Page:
Realtors Hit with $1.8 Billion Claim

( – A federal jury in Missouri has seen fit to award a minimum of $1.78 billion to plaintiffs in a class action suit against the largest trade association in the entire nation and a handful of residential brokerage firms. The jury’s October 31st decision said that the National Association of Realtors was guilty of synthetically inflating commission fees on well over 250,000 home sales over a seven-year period beginning in 2015.

HomeServices of America, a brokerage that is owned by Warren Buffet’s Berkshire Hathaway, was named as a co-defendant in the proceedings. Two of the firm’s subsidiaries were also included in the lawsuit, as was another name readers may be familiar with: Keller Williams.

Coldwell Banker, Corcoran, and Century 21, whose parent companies are Anywhere Real Estate and Re/Max, were similarly targeted by the plaintiffs but chose to settle before the trial kicked off. Re/Max agreed to pay penalties totaling $55 million and Anywhere agreed to approximately $83.5 million of the same.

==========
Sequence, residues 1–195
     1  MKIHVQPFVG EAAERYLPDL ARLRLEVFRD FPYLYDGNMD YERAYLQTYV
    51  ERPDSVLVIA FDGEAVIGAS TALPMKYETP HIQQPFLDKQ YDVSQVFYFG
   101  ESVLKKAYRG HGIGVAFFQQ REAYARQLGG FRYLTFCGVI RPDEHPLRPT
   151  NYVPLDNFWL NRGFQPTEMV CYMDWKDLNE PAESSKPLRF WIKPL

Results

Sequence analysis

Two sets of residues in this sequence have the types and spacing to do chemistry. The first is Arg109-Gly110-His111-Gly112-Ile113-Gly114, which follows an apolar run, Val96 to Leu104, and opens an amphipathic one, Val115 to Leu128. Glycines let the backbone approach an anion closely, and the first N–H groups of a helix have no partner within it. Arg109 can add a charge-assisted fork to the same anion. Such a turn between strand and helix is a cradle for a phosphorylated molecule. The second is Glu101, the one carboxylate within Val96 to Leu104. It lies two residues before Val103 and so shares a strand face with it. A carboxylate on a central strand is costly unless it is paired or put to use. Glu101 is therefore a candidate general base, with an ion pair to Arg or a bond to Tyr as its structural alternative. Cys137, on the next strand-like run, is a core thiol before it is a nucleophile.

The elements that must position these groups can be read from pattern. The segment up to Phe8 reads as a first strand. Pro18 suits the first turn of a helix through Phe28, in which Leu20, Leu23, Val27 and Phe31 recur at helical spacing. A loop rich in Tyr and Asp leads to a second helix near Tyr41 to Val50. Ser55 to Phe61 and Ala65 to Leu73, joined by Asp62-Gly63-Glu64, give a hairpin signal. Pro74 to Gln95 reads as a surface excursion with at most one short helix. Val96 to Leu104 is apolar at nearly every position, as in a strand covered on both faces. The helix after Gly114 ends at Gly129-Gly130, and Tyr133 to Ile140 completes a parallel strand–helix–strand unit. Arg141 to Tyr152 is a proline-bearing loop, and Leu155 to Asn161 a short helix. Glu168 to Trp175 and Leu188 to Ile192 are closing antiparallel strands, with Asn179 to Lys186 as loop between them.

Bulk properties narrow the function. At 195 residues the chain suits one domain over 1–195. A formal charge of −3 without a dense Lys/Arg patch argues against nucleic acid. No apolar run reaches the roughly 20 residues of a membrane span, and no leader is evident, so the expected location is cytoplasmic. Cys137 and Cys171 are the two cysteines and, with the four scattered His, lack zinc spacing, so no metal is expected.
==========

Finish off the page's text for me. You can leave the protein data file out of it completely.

Despite the defendants currently being on the hook for around one and three-quarters of a billion dollars in damages, federal antitrust law could see that sum tripled to more than $5.3 billion. The potentially inflated tally will depend on how the appeals process plays itself out.

Tracy Kasper, the NAR’s president, has already indicated the organization will file an appeal. “This matter is not close to being final,” she said shortly after the jury handed their ruling down. “We will appeal the liability finding because we stand by the fact that NAR rules serve the best interests of consumers,” she continued, “We remain optimistic we will ultimately prevail.”

The plaintiffs indicated that the suit was brought because broker fees came in as high as 3%, despite sellers being able to act in a largely independent capacity in the age of the internet. Michael Ketchmark, the plaintiff’s head lawyer, said a “day of accountability [had] arrived” for the industry.

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